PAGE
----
The relative advantages and disadvantages of frequency-domain optical imaging systems compared to time-domain systems have been subject to debate for more than ten years. Frequency-domain systems are relatively inexpensive, easy to develop and use, and can provide very fast temporal sampling (up to 50 Hz). Time-domain systems, on the other hand, tend to use photon-counting detectors which are slow but highly sensitive. Hence, frequency-domain systems are well suited to acquiring measurements quickly and at relatively high detected intensities (such as for topography applications). However, when imaging across large (> 6 cm) thicknesses the light intensity is very low, possibly only a few photons per second, and can only be detected using the powerful pulsed laser sources and photon counting techniques incorporated into time-resolved systems.

The information content in a temporal point spread function (TPSF) is inevitably greater than that in a single phase and amplitude measurement at one source frequency, but the magnitude of this benefit has yet to be thoroughly explored. The frequency content of the TPSF extends to several GHz, and while in principle a frequency-domain system could be designed to acquire this information, it is not yet possible to modulate high-intensity sources at such high frequencies. The intensity and mean photon flight time calculated from the TPSF are almost equivalent to the amplitude and phase of a frequency-domain system (Arridge et al. 1992). Other datatypes calculated from the TPSF such as variance, skew and the Laplace transform can provide enhanced separation between µa and µ's (Schweiger and Arridge 1999), but may be more sensitive to noise. These additional datatypes have no simple equivalent in the frequency domain. Other approaches, such as time-gating to distinguish between µa and µ's (Grosenick et al. 2003) or to provide depth discrimination (Selb et al. 2004) also demonstrate the additional information available in the TPSF.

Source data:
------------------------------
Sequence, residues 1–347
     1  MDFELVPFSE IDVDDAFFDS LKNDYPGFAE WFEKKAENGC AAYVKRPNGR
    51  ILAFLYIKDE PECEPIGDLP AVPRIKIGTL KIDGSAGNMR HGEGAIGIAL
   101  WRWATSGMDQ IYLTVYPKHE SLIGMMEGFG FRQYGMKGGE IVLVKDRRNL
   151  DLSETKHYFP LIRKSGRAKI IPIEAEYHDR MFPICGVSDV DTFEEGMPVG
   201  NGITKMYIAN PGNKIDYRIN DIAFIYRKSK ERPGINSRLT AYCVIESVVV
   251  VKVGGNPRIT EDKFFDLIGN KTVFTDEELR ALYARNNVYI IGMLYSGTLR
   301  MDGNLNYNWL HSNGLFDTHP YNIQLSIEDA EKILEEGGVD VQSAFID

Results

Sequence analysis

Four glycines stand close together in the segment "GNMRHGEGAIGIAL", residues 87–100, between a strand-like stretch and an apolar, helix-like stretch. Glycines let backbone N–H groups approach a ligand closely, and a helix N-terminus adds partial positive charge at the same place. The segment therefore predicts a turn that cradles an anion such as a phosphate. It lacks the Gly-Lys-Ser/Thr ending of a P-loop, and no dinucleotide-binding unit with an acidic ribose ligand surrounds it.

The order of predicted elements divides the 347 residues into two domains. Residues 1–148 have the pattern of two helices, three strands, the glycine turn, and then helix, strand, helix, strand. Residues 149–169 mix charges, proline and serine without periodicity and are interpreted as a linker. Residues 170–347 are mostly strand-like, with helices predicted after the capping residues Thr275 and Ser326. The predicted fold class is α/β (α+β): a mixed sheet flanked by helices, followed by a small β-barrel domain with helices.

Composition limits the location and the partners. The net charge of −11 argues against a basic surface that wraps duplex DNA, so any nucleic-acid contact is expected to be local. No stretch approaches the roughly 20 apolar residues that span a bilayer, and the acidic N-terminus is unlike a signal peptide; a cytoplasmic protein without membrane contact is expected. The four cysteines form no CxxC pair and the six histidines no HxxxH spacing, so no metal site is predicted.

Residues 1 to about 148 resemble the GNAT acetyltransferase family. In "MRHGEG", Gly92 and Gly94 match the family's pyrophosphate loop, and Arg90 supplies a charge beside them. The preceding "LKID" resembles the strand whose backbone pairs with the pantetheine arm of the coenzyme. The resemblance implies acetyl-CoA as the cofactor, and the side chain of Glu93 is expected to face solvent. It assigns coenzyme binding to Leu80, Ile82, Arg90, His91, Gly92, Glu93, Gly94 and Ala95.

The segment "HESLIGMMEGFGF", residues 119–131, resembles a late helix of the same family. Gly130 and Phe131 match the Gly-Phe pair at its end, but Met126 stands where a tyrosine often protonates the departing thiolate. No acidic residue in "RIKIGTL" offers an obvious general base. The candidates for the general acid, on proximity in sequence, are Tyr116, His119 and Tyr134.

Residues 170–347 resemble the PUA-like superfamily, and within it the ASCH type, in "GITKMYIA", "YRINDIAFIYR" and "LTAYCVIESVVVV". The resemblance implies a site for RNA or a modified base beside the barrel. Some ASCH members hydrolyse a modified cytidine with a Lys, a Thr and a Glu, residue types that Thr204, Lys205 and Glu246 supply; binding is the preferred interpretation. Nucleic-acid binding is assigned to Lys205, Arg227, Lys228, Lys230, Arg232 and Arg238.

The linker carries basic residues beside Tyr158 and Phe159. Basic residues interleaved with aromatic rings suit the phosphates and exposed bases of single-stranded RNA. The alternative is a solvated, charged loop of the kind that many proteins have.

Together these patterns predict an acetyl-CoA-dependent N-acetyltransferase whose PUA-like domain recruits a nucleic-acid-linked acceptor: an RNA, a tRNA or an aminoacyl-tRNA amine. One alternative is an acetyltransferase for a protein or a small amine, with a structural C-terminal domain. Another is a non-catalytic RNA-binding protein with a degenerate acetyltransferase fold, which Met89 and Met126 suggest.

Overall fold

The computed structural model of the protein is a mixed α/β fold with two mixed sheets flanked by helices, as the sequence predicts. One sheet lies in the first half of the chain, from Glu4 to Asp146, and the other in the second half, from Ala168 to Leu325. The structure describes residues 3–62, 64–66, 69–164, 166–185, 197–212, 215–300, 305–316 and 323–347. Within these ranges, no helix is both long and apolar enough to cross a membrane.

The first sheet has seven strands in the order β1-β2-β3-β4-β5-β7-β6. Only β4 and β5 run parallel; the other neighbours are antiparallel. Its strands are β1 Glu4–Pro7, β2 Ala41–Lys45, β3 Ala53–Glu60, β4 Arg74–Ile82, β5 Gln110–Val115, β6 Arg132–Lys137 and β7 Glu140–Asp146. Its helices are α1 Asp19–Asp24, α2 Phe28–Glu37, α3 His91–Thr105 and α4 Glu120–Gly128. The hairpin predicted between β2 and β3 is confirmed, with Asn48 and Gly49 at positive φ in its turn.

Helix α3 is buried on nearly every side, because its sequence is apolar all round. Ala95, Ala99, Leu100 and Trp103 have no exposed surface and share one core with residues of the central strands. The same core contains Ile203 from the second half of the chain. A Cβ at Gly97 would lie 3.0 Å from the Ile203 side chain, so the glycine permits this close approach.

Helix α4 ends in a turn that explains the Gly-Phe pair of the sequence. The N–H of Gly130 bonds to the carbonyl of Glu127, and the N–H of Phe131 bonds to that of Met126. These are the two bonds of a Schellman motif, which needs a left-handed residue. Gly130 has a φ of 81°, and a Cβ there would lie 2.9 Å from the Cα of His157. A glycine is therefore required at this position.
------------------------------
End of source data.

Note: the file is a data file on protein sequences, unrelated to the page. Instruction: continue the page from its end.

Practical optical measurements, particularly in the hospital, are commonly contaminated by constant (or temporally uncorrelated) background illumination. Frequency-domain systems are able to reject uncorrelated signals (but not the uncorrelated noise associated with these signals) by the use of lock-in amplifiers, while time-domain systems reject photons which reach the detector outside a finite temporal window. However, frequency-domain systems are unable to identify unwanted light which is temporally correlated with the measurement, such as light which has leaked around the object being imaged. In the time-domain, inspection of the TPSF can enable these contaminated measurements to be rejected (Hebden et al. 2004).


  • Arridge S R, M Cope, and D T Delpy (1992), "The theoretical basis for the determination of optical pathlengths in tissue: temporal and frequency analysis" Phys. Med. Biol. 37 1531-1559.
  • Grosenick D, K T Moesta, H Wabnitz, J Mucke, C Stroszczynski, Macdonald R, P M Schlag, and H Rinneberg (2003), "Time-domain optical mammography: initial clinical results on detection and characterization of breast tumors" Applied Optics 42(16) 3170-3186.
  • Hebden J C, A P Gibson, T Austin, R M Yusof, N Everdell, D T Delpy, S R Arridge, J H Meek, and J S Wyatt (2004), "Imaging changes in blood volume and oxygenation in the newborn infant brain using three-dimensional optical tomography" Phys. Med. Biol. 49(7) 1117-1130.
  • Schweiger M and S R Arridge (1999), "Application of temporal filters to time-resolved data in optical tomography" Phys. Med. Biol. 44 1699-1717.
  • Selb J, J J Stott, M A Franceschini, and D A Boas (2004), "Improvement of depth sensitivity to cerebral hemodynamics with a time domain system" OSA Biomedical Topical Meetings, Miami FC3.

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